Triple threat: The winning ways of NFL player Laurent Duvernay-Tardif

Dave Jaffer

Illustration: Daphné Côté-Hallé – Les Microcosmes

C2 doesn’t have an avatar, but if it did, there’s plenty to suggest that Laurent Duvernay-Tardif would be a leading contender for the role.

As a starting offensive lineman on an NFL team with Super Bowl aspirations, a med school graduate with a goal of practicing medicine long-term, and the co-creator of a youth foundation designed to inspire interest in sports and arts, Laurent personifies leadership, curiosity and the magic that happens when different passions and disciplines intersect. We are pleased to welcome him as a speaker at C2 Montréal 2020.


A grinding vision

At 28, Laurent is proof positive of where a stalwart work ethic, unbroken focus and an unyielding commitment to personal potential can lead. Case in point: his two main professional pursuits, football and medicine, could not be or seem more fundamentally different. They’re so different that they may as well be literal opposites. But, when faced with the prospect of choosing between the two, the Mont-Saint-Hilaire native made an untraditional and unexpected choice: he chose both.

“All those times that people were like, ‘You cannot do both, you have got to pick one or the other,’ I decided to stay true to myself and keep going, keep grinding with that vision,” he told CNN. And grind he did, both on the gridiron and in the classroom.

At his day job as an offensive lineman for the NFL’s Kansas City Chiefs, Laurent is tasked with protecting his quarterback, defending league MVP Patrick Mahomes from oncoming pass rushers. In 2014, at age 23, Laurent became only the 10th Canadian — and first Quebecer since 2001 — to be drafted by an NFL team from a Canadian university. In his second season in Kansas City, the six-foot-five-inch, 320-pound player earned a starting position on the offensive line at right guard.

At what will presumably be his post-NFL career, Laurent, who graduated from McGill University’s Faculty of Medicine with a Doctor of Medicine and Master of Surgery in 2018, will likely do very different work day-to-day. In fact, he may well be tasked with treating the aches and pains of people who are responsible for things like protecting Patrick Mahomes.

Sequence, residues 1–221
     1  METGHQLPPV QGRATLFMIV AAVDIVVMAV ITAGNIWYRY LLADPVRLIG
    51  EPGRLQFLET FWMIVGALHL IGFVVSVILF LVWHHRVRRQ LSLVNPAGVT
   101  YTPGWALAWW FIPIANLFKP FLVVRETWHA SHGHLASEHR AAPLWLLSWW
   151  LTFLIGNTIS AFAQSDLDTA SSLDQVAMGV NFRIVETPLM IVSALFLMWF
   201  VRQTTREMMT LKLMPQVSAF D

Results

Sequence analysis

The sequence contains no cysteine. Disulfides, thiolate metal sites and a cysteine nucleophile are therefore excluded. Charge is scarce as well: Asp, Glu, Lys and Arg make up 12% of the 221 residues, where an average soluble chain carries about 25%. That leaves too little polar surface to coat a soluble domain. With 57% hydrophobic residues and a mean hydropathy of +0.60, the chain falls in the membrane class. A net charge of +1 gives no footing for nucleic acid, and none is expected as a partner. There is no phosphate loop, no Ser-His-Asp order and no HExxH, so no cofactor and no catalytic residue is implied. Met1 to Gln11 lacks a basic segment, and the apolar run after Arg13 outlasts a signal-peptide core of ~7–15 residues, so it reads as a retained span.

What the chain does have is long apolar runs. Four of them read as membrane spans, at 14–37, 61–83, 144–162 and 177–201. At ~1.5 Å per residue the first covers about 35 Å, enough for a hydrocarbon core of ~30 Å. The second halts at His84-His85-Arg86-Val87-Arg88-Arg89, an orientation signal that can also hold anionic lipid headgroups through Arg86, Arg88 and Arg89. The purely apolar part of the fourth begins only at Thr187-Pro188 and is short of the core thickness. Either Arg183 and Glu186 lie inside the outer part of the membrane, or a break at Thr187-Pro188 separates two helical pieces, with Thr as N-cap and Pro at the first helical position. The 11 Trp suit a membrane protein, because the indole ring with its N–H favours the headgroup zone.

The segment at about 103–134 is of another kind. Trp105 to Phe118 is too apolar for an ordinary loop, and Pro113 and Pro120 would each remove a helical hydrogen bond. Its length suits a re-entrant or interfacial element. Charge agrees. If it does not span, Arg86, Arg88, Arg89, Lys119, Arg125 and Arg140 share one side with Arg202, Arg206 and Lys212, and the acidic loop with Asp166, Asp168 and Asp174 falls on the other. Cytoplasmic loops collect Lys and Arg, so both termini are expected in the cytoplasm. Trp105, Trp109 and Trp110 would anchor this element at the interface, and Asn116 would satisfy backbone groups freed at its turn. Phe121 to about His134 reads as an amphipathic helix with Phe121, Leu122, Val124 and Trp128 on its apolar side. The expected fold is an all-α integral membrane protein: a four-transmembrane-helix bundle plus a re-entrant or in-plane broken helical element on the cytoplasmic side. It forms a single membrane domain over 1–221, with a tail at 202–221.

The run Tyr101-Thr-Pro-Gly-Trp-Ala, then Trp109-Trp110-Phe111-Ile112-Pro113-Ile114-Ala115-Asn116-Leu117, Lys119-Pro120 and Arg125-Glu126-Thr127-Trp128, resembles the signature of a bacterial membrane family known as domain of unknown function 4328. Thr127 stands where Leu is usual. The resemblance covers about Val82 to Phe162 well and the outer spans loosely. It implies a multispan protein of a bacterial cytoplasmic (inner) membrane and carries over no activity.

“It’s an awesome feeling,” he told The New York Times in 2018. “That’s what has fed me over the past four years, whenever I’ve had challenges or obstacles in front of me, to continue to pursue both at the same time.”

In the same story, his longtime agent Sasha Ghavami mentioned that “when [Duvernay-Tardif] was with the McGill Redmen, he would finish his hospital rotations and then sleep in the locker room to be on time for the next morning’s practice.”

This detail sticks out. It says that the lineman (nicknamed “Doc” by his teammates) didn’t just want to do two diametrically different things — it says that he wanted to do them both to the best of his abilities. He now brings that same dedication to the Laurent Duvernay-Tardif Foundation.


Many interests create a solid foundation

Through the Laurent Duvernay-Tardif Foundation, he is encouraging young people to develop a similar capacity to be “multipotentialites” — individuals whose commitment to nurturing various interests, passions and sides of themselves can help them approach their lives more holistically.

Co-created with his life partner, Florence Dubé-Moreau, the LDT Foundation outlines its belief that both physical activity and creativity are fundamental factors for children’s development and educational success. In the LDT Foundation’s world, there’s no hard and limiting delineation between athletics, academics and art. The foundation has already arranged “turnkey” sports events in and around Quebec and is working on similar events to bolster children’s experience with and enjoyment of the creative arts.

The LDT Foundation’s stated fundamental values — balance, curiosity, passion, perseverance and commitment — provide a composite model of what leadership can and should be, as practiced its namesake both on and off the field.


Five lesser-known facts about LDT:
  1. At university, he ended up winning the P. Metras Trophy recognizing the “Most Outstanding Lineman” in the Canadian Interuniversity Sport system.
  2. A Sports Illustrated article once noted that, because of his medical studies, “he was practicing just once a week — and he was still the best college player in Canada.”
  3. He has a white lab coat emblazoned with “Dr. Duvernay-Tardif” and his KC Chiefs number, 76.
  4. The mother of his Kansas City head coach, Andy Reid, also graduated from the McGill University Faculty of Medicine.
  5. His meteoric rise has been so remarkable that the Kansas City Star called him “the most interesting man in the NFL.”


You can put this in the win column

Prepare to be inspired by Laurent Duvernay-Tardif when he speaks at C2 Montréal, May 27-29, 2020.



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